See, I'm not a huge social media addict. Regarding tech related stuff, I'm no nerd, yet I'm no novice. I see the merits of Google maps over rolling down car windows to ask for directions to a destination. I will admit that having an app for everything does make life easier. Instagram, I am a fan of, you know to show off your photos. I like Facebook actually, except for three things:

1. When people post pictures of food. Actually half-eaten food, usually from a tray served during a 6 am flight.

2. When friends post messages like — Am presently climbing an ice cap in the Antartica. Anyone around, ping me.

Illustration/Uday Mohite
Illustration/Uday Mohite

3. Or posts like — I'm bored. Or… Now walking from bathroom to living room.

But it's the frenetic excess of the concept of the hashtag that totally confounds me.

Dear older reader, a hashtag is not that cool narcotic you inhaled through your college years in the canteen (instead of attending lectures).

A hashtag is like this unifying social media thing — a word or phrase preceded by a hash sign (#), used on social media sites such as Twitter to identify messages on a specific topic.

Let me enlighten you.

So, it's my birthday next week. Instead of merely informing you of this huge day, like 'June 24 is my birthday" I will create multiple hashtags i.e. #janamdin #24June #BirthdayBumps #WishRahulDaCunha #MyBirthdayYeah #JeffBeckMarilynMonroeCheGueveraAndIShareABirthday etc. This is meant to create massive excitement.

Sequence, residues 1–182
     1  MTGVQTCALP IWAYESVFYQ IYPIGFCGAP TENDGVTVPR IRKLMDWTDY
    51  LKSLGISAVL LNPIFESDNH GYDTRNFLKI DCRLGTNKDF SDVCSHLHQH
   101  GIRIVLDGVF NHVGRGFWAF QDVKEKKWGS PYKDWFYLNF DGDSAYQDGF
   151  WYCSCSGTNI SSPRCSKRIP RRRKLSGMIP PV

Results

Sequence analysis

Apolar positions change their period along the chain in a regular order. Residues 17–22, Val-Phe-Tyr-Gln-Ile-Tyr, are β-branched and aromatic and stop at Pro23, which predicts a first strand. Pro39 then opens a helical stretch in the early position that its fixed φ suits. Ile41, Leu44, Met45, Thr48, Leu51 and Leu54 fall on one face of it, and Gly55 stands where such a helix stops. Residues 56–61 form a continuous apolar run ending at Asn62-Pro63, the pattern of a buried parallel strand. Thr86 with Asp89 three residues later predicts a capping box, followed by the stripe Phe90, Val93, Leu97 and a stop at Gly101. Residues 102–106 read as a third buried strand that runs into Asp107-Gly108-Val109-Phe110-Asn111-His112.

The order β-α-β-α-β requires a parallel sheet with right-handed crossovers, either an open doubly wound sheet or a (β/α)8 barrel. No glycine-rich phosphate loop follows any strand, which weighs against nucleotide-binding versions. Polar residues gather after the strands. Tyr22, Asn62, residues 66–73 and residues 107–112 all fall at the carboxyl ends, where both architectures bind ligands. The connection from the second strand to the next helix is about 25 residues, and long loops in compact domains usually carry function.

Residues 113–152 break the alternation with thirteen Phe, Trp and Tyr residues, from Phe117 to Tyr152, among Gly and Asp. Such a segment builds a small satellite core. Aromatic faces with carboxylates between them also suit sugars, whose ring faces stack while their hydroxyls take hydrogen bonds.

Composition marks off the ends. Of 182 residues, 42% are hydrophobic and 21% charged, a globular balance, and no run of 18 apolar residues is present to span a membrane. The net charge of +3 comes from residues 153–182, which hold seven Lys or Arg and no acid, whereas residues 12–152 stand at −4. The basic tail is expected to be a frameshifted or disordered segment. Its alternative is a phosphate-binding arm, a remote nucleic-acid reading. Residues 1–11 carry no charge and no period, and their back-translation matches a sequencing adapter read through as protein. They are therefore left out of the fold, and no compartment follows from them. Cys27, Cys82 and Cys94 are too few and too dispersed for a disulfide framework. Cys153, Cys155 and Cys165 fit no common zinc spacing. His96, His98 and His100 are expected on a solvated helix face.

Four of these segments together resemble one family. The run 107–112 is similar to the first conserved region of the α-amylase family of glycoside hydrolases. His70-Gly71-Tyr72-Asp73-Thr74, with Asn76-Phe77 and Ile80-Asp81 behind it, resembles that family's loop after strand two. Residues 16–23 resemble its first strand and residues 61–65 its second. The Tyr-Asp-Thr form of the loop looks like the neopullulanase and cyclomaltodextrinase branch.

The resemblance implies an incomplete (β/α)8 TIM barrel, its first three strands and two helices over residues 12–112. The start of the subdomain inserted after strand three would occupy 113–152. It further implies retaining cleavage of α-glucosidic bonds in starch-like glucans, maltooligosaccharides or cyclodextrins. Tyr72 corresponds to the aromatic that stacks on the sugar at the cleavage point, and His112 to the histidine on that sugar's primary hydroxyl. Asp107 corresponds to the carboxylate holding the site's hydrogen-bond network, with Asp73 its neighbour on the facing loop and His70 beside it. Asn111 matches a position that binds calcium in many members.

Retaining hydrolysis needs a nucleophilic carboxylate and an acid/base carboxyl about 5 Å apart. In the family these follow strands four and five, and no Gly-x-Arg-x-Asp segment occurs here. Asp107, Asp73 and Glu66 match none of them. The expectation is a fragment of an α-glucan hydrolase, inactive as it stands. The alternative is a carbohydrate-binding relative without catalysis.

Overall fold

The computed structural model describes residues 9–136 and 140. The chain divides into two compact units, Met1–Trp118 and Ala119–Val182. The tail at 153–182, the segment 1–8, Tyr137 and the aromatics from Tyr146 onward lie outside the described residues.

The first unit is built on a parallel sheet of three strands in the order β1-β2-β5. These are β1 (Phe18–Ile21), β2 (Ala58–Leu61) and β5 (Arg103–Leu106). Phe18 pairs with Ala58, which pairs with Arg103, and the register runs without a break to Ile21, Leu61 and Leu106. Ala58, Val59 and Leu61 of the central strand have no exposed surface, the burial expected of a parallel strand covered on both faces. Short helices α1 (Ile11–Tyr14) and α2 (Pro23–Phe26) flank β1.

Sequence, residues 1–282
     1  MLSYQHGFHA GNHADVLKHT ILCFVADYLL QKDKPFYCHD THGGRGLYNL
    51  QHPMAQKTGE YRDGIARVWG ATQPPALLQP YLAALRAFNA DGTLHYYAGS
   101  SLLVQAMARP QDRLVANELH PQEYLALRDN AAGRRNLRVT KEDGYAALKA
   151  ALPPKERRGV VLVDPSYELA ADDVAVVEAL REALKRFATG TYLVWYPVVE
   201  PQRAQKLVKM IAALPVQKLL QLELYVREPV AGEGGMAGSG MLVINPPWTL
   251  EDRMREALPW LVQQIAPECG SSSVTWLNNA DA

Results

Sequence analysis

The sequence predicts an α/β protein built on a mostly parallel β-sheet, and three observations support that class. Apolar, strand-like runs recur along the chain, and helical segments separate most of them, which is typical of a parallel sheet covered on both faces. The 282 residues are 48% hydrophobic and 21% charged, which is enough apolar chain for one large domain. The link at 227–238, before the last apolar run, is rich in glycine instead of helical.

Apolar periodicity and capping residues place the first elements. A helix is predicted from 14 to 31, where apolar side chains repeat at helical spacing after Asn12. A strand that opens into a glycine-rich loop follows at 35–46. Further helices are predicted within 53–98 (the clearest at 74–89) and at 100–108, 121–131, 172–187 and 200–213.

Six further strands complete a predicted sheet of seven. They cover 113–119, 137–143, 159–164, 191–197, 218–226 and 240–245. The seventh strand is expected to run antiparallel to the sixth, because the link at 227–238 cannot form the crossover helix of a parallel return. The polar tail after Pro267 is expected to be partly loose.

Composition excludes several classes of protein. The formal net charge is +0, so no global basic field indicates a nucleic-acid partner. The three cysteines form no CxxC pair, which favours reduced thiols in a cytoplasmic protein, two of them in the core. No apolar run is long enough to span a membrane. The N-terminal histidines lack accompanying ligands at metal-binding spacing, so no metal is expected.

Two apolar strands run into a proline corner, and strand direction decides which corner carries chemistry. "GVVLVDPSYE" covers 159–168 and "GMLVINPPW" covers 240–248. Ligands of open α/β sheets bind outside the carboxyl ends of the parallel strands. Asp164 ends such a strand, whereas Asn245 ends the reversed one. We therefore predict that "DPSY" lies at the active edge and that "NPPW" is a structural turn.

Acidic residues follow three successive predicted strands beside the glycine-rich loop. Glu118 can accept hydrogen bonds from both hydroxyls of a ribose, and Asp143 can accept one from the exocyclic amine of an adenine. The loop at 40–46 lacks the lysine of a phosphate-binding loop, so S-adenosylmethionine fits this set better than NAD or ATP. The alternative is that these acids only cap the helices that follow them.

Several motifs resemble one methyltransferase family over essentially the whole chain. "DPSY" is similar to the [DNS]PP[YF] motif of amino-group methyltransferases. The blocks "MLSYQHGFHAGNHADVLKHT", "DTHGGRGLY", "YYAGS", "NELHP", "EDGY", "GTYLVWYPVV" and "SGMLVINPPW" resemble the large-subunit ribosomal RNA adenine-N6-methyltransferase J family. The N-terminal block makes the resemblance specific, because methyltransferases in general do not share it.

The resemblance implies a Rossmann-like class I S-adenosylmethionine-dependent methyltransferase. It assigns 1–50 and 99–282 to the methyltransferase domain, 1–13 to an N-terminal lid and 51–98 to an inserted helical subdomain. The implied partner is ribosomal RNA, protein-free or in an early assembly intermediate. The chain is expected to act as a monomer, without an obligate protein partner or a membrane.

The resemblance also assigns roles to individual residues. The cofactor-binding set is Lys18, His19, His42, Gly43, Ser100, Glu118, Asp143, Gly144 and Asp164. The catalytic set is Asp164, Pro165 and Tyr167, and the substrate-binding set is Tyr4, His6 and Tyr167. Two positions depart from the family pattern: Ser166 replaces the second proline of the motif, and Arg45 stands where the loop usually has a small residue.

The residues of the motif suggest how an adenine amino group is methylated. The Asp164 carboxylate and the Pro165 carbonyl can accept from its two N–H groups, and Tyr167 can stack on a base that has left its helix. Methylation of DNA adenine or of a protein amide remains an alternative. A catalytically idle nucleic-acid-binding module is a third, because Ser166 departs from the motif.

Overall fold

Now let's take some of the happening event this week.

Smriti Irani is in the news for her strong nature, vociferous tweets and passionate blogs. She is upset that a Bihar minister referred to her as 'Dear' in a tweet. A fair way to greet her, I feel. But the lady isn't happy, she feels her womanhood has been insulted. So, here are some hashtags that could follow: #DontCallMeDear #AngryMinister #ImAuntyNational #WomensRights #HRDMinisterPissedOff #I WentTo Yale #MyHusbandWillBeatYouUpHesParsi

In others news, Pahlaj Nihalani is public enemy number one after he tried to destroy the movie Udta Punjab by administering 89 cuts, plus remove 'Punjab' from the title. One Censor Board member who wishes to remain anonymous, said — "We saw a version of Udta Punjab, with 89 cuts. It looked more like Angry Birds — thankfully the High Court passed the film, with just one cut, while telling the Censor Board chief not to behave like a grandmom.

Some of his hashtags in response:

#IRespectMyGrandmom #WhatsWrongInBeingAGrandmom #IAmModijisChamcha #IWasOnDrugsWhenISawTheFilm

In Mumbai, the prestigious Bombay Gymkhana members shot down a motion to allow Maharasthra ministers from becoming members. The hashtags:

#NoBabusAtBombayGym #MembersOfMantralaya #ItsBombayGymkhanaNotMumbaiGymkhana

And finally there's Rahul Gandhi who is convinced that if the Congress is voted to power in Punjab, he will single-handedly eradicate the drug menace in a single month. The hashtags that could follow this superhuman statement:


#RobertVadraBuysAllThe Maal #Rambo5 #HighHai and my favourite #WeAreAJointFamily

Rahul da Cunha is an adman, theatre director/playwright, photographer and traveller. Reach him at